clock menu more-arrow no yes mobile
Dr. Terrence Kyne muses in his laboratory aboard the USG Ishimura, wearing a sci-fi lab suit with a RIG display over his spine, in the Dead Space remake.

Filed under:

How content warnings became invaluable in modern games

An accessibility tool, explained

Image: Motive Studio/Electronic Arts
Cass Marshall is a news writer focusing on gaming and culture coverage, taking a particular interest in the human stories of the wild world of online games.

There’s nothing more frustrating than working your way through a game only to bump up against some barrier — an unbeatable boss, a terrible platforming section, or the sudden appearance of a phobia. As time goes on, games are becoming increasingly sophisticated in how they break these barriers. One tool at a developer’s disposal looks simple, but can work well in concert with other options: the content warning.

A content warning is simple in purpose but difficult in practice. It’s a brief warning that allows someone to gird themselves before heading into a difficult scene or potentially triggering moment. A basic implementation is a simple string of text that appears before the game begins, describing the types of potentially upsetting themes or moments in the game. But content warning systems have also become more sophisticated and creative over time, with a range of more complex implementations. The recent Dead Space remake, for example, shows content warnings before relevant scenes, and informs the player of the specific concern: self-inflicted death, medical malpractice, or graphic death by gunshot.

Dead Space is one of the largest games to have such a system, but it’s not the first. Joanna Blackhart, an accessibility and sensitivity specialist currently working on indie titles Frogsong and Way to the Woods, has experience with the challenge. Blackhart worked on Ikenfell as a sensitivity reader. At the time, the team realized that going through the full script was surprisingly fraught, as the player encounters sensitive topics while exploring the inner lives of magical teens attending the wizard school Ikenfell.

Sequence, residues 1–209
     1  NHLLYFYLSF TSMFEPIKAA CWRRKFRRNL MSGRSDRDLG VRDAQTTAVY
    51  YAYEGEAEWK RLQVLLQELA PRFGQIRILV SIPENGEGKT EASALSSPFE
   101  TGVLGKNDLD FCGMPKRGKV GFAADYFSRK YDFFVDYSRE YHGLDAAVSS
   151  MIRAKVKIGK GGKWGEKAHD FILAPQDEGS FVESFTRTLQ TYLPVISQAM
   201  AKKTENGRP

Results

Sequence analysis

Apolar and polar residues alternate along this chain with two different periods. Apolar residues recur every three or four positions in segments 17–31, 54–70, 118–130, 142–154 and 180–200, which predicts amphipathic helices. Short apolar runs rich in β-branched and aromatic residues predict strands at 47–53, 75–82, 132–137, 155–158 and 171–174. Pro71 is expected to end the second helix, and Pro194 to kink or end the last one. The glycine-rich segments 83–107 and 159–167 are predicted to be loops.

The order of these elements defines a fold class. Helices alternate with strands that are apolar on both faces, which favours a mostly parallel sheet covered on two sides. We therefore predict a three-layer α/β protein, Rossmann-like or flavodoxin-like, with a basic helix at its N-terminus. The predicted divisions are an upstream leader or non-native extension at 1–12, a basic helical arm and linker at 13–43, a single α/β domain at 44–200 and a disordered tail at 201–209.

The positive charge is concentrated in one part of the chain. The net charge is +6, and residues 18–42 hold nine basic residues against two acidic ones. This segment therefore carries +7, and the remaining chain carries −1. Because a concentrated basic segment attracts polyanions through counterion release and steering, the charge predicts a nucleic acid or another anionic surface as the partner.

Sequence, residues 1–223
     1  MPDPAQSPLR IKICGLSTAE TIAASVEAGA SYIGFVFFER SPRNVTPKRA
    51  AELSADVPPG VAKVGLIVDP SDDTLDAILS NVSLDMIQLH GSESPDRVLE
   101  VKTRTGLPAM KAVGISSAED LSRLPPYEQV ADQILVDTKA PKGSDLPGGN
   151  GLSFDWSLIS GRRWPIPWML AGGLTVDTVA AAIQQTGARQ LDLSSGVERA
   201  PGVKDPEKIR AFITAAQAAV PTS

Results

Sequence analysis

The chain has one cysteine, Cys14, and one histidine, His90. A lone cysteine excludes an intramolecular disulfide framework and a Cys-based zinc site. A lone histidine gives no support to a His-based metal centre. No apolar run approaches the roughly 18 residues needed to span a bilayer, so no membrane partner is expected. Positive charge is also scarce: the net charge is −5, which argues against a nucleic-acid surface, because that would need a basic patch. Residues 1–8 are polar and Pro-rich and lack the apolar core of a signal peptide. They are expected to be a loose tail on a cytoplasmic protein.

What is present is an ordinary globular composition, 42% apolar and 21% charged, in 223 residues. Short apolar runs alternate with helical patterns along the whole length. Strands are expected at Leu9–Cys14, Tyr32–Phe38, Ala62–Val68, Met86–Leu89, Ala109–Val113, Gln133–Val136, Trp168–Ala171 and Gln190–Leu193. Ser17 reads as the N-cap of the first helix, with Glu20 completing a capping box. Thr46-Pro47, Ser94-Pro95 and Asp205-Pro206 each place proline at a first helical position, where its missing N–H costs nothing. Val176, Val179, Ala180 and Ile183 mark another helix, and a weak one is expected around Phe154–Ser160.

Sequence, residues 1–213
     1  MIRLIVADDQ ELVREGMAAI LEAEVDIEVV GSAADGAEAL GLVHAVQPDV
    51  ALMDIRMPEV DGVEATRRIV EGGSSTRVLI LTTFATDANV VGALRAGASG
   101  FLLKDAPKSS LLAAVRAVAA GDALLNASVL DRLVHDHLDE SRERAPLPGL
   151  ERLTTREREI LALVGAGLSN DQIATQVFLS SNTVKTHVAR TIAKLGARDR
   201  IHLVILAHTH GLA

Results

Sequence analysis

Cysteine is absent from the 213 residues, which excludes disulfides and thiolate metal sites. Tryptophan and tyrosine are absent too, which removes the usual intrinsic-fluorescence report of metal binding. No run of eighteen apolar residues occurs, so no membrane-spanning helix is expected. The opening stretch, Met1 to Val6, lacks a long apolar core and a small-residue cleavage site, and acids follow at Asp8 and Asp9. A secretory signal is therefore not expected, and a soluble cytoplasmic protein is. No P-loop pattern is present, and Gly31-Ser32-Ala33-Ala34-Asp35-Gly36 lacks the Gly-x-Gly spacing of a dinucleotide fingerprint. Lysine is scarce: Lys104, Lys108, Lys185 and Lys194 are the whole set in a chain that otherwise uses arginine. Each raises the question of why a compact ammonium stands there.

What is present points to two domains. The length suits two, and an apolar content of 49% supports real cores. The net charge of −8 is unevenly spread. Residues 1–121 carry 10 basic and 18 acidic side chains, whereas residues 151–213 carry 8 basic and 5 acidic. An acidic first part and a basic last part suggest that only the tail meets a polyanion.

Ikenfell - Students at Ikenfell line up in the courtyard. One student says “I can’t WAIT to learn some cool magic!!” Image: Happy Ray Games/Humble Games

Blackwell created the content warning system and presented it to the team. “[Chevy Ray Johnston, creator of Ikenfell] coded the first iteration in minutes,” says Blackhart in a call with Polygon. “I went through the entire game again, writing up all the places and determining where content warnings were needed.”

After iteration from other team members and the community, the feature was solidified. These warnings, much like the ones in Dead Space, do not interrupt gameplay or censor any game material on their own. A small text box appears beneath the gameplay that simply explains that the next scene might be triggering, and gives a preview of its content — for example, “Content warning: mention (but no depiction) of blood.”

“Parents were using it to determine scenes they could share with their kids,” says Blackhart. “Other people were using them to open up about the content with viewers on Twitch, or starting conversations. It happened so fast, and so naturally — it was beautiful.”

This type of system has shown up in other games, like Doki Doki Literature Club — on which Blackhart consulted with developer Team Salvato. Doki Doki Literature Club starts with a content warning for disturbing imagery and themes of suicide, but the player can toggle content warnings that appear before the scenes in question.

The player character leaves Chicory’s home in Chicory: A Colorful Tale Image: Greg Lobanov/Finji